Wednesday, August 3

Good prospects for the video iPod and Apple movie store

Well the latest tidbit about Apple floating around blogosphere may seem like a little thing it's a sure sign Apple is gearing up to make a major move into movie and possibly TV based content the same way they've conquered the digital music market. Possibly as soon as September. It's a rumor that's been gaining credibility and attention for quite a while now.

That I'm so excited and interested is not that I'm a mac fanatic (although i am a fan) it's that I'm a media fanatic and Apple just happens to be the only one who's able to competently put together digital media solutions that will heal the huge void between the stodgy traditional media who refuse to set foot in the digital world and the p2p crowd that's going there without them.

In case you haven't heard already the little news with big ramifications is that Apple has updated their trademark for the iPod to include video.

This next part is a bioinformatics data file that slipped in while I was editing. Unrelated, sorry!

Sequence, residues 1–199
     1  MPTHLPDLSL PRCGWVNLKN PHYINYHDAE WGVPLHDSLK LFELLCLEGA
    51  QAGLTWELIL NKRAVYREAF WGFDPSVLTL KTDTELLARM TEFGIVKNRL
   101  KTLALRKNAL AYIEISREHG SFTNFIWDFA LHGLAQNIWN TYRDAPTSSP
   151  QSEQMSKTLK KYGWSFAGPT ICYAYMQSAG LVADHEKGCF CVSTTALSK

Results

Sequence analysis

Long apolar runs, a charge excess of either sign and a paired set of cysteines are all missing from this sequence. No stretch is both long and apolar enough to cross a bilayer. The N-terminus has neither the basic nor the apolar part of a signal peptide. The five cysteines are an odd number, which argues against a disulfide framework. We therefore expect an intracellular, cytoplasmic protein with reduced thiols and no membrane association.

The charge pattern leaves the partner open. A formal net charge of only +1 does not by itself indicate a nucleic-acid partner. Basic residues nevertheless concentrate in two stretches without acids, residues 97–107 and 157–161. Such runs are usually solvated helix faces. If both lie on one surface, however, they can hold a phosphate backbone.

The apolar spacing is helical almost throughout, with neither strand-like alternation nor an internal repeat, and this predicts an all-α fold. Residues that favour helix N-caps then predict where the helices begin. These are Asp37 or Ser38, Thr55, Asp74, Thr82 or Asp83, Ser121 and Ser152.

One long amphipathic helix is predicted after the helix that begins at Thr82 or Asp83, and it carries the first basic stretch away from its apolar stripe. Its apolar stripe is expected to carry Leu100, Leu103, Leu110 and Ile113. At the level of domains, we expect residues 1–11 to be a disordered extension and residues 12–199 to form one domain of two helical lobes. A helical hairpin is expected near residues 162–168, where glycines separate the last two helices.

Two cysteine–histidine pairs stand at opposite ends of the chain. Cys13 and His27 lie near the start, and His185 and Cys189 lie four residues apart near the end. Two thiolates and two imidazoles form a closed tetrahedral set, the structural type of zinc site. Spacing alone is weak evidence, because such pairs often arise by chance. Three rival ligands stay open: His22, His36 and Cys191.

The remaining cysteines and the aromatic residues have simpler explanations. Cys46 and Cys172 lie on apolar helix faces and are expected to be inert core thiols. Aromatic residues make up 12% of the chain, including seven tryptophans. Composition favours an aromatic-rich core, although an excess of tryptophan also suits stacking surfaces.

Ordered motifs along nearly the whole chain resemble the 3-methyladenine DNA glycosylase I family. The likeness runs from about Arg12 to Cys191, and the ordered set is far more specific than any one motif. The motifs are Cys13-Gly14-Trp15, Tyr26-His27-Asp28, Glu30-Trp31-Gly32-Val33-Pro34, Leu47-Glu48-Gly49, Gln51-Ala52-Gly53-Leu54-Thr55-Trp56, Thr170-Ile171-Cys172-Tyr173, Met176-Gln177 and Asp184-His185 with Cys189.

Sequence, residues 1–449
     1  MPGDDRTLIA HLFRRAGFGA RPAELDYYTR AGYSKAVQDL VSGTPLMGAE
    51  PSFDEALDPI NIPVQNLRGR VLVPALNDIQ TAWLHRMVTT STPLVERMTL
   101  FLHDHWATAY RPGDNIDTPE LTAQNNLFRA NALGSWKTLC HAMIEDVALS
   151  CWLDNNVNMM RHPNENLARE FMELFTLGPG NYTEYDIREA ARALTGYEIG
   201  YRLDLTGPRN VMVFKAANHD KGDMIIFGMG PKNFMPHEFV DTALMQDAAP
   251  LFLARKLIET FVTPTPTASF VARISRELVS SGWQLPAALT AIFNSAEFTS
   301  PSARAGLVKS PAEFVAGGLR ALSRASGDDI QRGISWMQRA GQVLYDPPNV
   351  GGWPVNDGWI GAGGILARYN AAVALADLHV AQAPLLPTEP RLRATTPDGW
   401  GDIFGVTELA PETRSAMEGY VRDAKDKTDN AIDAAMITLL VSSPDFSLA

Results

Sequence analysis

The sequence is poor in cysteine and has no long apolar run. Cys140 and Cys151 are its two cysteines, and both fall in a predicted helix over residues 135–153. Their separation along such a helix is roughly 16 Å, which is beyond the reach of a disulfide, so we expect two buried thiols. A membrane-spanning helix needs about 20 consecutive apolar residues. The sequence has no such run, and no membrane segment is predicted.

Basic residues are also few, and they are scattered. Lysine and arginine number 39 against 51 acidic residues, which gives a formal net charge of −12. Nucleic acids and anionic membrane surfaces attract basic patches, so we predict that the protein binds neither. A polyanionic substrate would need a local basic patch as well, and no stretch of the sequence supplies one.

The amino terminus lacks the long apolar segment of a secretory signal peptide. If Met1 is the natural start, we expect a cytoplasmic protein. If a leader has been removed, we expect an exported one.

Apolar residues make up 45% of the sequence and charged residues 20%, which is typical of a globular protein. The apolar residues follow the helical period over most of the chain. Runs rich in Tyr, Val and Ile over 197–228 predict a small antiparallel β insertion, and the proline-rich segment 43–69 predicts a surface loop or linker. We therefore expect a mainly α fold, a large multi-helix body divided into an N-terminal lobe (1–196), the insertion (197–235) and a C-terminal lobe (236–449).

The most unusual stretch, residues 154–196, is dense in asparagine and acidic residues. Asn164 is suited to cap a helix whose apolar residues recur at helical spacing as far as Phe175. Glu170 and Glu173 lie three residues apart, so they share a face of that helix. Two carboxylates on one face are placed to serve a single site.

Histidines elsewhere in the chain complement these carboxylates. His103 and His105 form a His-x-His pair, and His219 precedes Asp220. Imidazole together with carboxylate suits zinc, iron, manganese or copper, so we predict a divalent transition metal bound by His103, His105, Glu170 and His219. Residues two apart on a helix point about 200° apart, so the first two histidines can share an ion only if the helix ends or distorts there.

"Well, this will certainly add some fuel to the fire on those
video iPod rumours — Apple has updated its trademark for
the iPod from “portable and handheld digital
electronic devices for recording, organizing, transmitting, manipulating, and reviewing text, data, and audio files” to
read “portable and handheld digital electronic devices for recording, organizing, transmitting, manipulating, and
reviewing text, data, audio, image, and video files.”
"
— from Engadget


This would seem to give a whole lot more legitimacy to the rumors that the iPod will soon support video and even more importantly the rumor that Apple will soon have a movie download service similar to the Apple music store, as rumored to be called iVideo by famed PBS technology columnist Robert X. Cringley. When and if Apple does start selling movies for download I'll be the first one to ditch Netflix and Blockbuster and go nuts buying movies on Apple. In short though I've held out an not bought a single song from the Apple Music Store I can't wait to drop some money on downloadable movies.

Do to the fact there are no other solutions that are profitably or otherwise delivering movie downloads means all Apple needs is a decent selection to start with and to find the right price point. They've already proven their business model works for digital music and established a trusting market with the Apple Music Store. Why would movies and/or TV shows be any different?